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Prof Daniel Lecoanet receives major Simons Foundation grant for interdisciplinary project

CIERA Professor Daniel Lecoanet has assembled an interdisciplinary and multi-institutional team to tackle challenges in fluid dynamics. The team’s project: “Fundamental Fluid Processes in Climate, Stellar, and Planetary Modeling” was recently awarded a 4-year, $4M Simons Foundation grant to fund the multifaceted research.

Joining Professor Lecoanet is Michael Le Bars (Centre National de la Recherche Scientifique), Jerome Noir (ETH Zurich), Stefan Llewellyn Smith (University of California, San Diego), Tiffany Shaw (University of Chicago), and William Young (University of California, San Diego). Together these experts in astrophysics, atmospheric science, oceanography, and planetary science aim to answer the questions: What will the Earth’s atmosphere and oceans look like at the end of the century? What are the fates of the stars and planets observed in unprecedented detail with recent space missions? By collaborating between disciplines, Lecoanet and his team hope to determine the governing principles behind physical processes that are common across their fields, and apply these to improve global evolution models. The project will combine theoretical, numerical, and experimental approaches.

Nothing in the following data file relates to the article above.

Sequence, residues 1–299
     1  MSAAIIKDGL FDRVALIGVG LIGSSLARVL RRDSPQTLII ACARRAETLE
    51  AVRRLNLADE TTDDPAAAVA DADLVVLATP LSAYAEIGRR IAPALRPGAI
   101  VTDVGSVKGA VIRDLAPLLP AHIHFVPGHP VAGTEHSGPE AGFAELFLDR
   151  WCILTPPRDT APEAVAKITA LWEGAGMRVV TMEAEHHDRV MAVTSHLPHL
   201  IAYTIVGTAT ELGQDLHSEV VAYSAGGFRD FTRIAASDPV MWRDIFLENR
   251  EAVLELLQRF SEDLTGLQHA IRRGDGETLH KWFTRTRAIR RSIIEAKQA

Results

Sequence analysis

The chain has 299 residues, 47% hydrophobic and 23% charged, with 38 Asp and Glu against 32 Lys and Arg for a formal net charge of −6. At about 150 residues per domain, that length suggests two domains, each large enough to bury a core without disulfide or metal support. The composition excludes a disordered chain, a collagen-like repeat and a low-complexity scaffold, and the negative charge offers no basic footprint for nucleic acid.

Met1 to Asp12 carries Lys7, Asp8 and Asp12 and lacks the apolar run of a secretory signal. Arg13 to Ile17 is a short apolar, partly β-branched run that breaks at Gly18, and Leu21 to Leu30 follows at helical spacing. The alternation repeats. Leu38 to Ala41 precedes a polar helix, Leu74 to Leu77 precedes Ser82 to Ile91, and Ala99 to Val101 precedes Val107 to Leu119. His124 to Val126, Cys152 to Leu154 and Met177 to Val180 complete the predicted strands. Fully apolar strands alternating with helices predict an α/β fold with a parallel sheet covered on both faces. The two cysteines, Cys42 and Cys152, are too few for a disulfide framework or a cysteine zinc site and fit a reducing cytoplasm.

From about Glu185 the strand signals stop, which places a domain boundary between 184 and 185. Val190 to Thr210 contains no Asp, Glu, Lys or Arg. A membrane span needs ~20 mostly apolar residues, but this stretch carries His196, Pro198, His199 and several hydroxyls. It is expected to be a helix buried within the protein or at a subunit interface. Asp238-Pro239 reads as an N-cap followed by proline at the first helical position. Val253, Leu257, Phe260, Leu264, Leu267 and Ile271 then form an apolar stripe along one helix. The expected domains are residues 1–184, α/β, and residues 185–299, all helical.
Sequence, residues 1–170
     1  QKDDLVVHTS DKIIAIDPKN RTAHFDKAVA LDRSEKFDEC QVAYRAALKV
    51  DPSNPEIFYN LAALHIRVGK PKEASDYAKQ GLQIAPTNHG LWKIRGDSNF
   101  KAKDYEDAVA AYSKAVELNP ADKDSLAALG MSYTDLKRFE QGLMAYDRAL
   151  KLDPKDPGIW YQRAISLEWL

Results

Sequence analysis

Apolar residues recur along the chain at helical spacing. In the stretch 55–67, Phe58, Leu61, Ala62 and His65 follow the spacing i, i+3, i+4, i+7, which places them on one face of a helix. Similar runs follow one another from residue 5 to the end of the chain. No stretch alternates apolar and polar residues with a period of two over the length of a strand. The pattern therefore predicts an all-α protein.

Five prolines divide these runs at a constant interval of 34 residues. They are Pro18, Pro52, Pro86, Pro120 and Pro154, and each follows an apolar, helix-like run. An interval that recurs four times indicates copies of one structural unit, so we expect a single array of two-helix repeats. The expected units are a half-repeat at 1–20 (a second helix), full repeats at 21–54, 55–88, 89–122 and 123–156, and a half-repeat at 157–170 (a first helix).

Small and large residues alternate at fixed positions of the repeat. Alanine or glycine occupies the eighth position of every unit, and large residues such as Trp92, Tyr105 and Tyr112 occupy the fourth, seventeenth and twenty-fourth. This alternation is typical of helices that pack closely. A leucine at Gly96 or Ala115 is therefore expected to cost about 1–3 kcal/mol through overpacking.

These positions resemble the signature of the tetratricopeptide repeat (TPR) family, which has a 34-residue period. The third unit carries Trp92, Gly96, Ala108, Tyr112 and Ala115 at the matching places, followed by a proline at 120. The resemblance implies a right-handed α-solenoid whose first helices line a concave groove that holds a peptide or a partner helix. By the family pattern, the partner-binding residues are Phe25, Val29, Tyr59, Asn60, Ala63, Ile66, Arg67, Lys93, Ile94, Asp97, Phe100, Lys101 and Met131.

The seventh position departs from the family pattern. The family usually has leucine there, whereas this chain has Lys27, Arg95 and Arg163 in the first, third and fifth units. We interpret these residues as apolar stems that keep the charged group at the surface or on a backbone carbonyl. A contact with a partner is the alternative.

Prof Lecoanet himself is a member of Northwestern’s Department of Engineering Sciences and Applied Mathematics (McCormick School of Engineering). He is broadly interested in astrophysical and geophysical fluid dynamics. Most of his work surrounds numerical simulations of stellar interiors. He is particularly interested in the interaction of stellar convective and radiative zones. He is a core developer of the Dedalus code, which can solve a wide class of partial differential equations using spectral methods.

The Simons Foundation, founded in 1994 by Jim and Marilyn Simons, is designed to advance the frontiers of research in mathematics and the basic sciences. In pursuit of this mission, they champion basic science through grant funding, support for research, and public engagement.

Congratulations, Prof Lecoanet!